First of all...if you have an attitude of "It'll never happen", then at least get out of the way before you get trampled by the people who actually believe that they're worth something and that someday, someone will see it. I think one way or another, there's work out there for whoever wants it. It won't be effortless, but it's there. The people who "don't make it" either really suck, or they don't try. But come on. We live in a golden age of entertainment. With all due respect to those who came before me, the gatekeeper to the oh-so-sacred motion picture film and television industry has just been shot in the head by some rich trust fund kid who owns a RED camera...and people who weren't even born when VHS first came out, are watching movies on their Ipods. The most I can say for the climate of the business these days, is that at least now, all bets are off and it seems to me that, well, at least the way "in" is no longer guarded in the same way that it was during Hollywood's prime. So yeah. There's always a way. And by the way, I do not think it's too much to ask to work in this business and get paid for it.

What is "making it" anyway? Haven't you "made it" when you continuously get hired by the same people, when a film you work on goes to Sundance, when you have IMDB credits under your belt and can pay your rent on time each month? I dunno, man. I like to think so. If you constantly compare yourself to everyone else out there, you will never win. I had a friend give me a hard time about accepting $200 a day cash-in-pocket for a 10-day job. I gave him my phone and said, "I'm sorry. If you think you can do better, why don't YOU give production a call and tell them the bottom line?" Hell, I still take pride in what I do, whether I'm getting $150 a day or $500 a day. Yes, I have the same grandiose visions as everybody else of pulling focus on some big-budget union feature someday, but as AC/DC said, it's a long way to the top if you wanna rock and roll.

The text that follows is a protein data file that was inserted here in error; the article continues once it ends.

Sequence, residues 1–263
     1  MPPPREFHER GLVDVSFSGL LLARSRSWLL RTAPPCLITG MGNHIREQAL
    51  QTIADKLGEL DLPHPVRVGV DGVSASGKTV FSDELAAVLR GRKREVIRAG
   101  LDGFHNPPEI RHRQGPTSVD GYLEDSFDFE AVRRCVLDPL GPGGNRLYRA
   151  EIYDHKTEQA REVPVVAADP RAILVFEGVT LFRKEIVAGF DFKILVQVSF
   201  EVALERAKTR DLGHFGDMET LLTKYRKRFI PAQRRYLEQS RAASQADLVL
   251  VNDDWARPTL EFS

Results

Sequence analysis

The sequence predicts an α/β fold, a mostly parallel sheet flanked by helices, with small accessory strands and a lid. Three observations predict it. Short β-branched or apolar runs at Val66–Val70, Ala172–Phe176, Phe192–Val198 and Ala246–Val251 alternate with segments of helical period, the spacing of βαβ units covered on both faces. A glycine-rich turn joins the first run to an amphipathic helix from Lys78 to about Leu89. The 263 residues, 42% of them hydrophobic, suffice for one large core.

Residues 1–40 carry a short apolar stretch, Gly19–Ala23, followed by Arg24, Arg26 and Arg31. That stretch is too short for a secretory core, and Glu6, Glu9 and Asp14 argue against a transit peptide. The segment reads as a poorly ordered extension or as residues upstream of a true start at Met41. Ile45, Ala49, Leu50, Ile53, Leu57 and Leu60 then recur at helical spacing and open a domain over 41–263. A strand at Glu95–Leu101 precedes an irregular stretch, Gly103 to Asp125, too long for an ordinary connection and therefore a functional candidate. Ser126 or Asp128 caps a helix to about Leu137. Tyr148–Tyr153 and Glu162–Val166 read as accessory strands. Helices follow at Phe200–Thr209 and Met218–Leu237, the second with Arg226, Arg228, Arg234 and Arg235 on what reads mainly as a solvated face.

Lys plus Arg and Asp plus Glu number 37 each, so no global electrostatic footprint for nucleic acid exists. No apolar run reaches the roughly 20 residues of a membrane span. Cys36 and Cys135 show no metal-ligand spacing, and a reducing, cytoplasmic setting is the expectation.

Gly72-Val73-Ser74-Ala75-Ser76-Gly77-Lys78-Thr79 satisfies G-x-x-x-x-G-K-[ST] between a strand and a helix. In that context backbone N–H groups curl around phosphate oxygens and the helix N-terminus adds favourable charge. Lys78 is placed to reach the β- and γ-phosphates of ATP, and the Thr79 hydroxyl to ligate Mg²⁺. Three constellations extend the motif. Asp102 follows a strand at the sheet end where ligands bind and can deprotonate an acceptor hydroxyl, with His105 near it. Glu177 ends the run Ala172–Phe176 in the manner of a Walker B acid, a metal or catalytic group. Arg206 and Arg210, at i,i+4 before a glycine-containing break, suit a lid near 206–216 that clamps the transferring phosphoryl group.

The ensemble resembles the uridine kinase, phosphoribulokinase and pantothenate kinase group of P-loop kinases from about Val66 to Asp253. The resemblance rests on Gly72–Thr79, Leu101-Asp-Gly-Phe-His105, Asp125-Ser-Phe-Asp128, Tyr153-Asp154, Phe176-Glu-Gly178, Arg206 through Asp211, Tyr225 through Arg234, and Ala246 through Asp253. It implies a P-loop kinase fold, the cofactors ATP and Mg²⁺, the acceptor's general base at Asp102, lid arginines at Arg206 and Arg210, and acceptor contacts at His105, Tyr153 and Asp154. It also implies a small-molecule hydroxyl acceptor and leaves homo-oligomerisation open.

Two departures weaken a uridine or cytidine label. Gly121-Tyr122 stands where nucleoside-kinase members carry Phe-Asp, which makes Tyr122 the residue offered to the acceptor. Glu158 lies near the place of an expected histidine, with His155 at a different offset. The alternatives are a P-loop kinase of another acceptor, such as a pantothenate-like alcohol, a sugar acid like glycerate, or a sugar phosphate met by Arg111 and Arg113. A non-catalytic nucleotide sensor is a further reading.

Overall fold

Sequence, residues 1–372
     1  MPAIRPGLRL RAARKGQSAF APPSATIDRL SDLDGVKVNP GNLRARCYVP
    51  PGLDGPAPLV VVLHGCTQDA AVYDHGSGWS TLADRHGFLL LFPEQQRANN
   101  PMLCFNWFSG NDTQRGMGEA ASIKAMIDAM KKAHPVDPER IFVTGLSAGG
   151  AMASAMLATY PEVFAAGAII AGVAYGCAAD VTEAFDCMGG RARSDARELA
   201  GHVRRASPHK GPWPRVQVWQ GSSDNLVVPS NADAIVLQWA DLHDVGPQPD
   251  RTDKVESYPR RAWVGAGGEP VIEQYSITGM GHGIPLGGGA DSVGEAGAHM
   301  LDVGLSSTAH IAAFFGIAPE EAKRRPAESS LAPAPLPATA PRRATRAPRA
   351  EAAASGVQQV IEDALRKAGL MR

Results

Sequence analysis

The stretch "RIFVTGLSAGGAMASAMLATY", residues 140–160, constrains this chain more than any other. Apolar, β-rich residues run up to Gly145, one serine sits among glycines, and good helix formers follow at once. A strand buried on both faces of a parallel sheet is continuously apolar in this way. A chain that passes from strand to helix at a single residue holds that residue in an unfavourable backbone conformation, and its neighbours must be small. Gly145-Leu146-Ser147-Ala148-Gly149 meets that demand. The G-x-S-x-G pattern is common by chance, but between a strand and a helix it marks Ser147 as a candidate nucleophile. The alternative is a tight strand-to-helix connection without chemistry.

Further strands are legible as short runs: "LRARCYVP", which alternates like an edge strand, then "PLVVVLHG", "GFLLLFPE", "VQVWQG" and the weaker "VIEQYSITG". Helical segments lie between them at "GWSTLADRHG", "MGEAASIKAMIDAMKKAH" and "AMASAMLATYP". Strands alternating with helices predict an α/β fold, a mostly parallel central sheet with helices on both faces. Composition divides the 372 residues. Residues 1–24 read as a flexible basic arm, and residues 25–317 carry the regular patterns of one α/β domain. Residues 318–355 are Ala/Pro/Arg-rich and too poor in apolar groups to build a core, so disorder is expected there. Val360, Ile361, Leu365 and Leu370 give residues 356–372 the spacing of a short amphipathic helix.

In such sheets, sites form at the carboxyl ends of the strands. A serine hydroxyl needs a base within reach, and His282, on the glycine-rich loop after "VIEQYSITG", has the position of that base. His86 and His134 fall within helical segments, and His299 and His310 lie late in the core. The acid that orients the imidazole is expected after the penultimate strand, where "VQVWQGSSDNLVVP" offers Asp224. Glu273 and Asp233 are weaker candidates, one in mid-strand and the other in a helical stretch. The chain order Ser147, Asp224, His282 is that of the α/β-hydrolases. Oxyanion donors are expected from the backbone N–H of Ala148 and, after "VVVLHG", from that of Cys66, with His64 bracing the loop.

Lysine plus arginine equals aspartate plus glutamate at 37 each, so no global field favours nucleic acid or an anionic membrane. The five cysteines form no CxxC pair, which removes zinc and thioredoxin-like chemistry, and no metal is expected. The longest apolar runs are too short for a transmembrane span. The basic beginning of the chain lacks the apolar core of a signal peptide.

So I say, break in at the bottom and then climb up, over the heads of the people who all said it was impossible. Screw the "Hollywood system", there is none anymore...why perpetuate this cycle of "I need to get down on my knees and eat poop before I am worth anything in this business?" This is the biggest lie that film school feeds you and it's time to tear it all down and get real. We might as well take advantage of the fact that the workflow is changing... and try anything. If emailing your resume doesn't do it, get on the phone again, or just show up with a nice shirt on and a winning smile on your face. Personalize your game...give these people something that they'll see is YOU, not just another name in the pool of potential hires.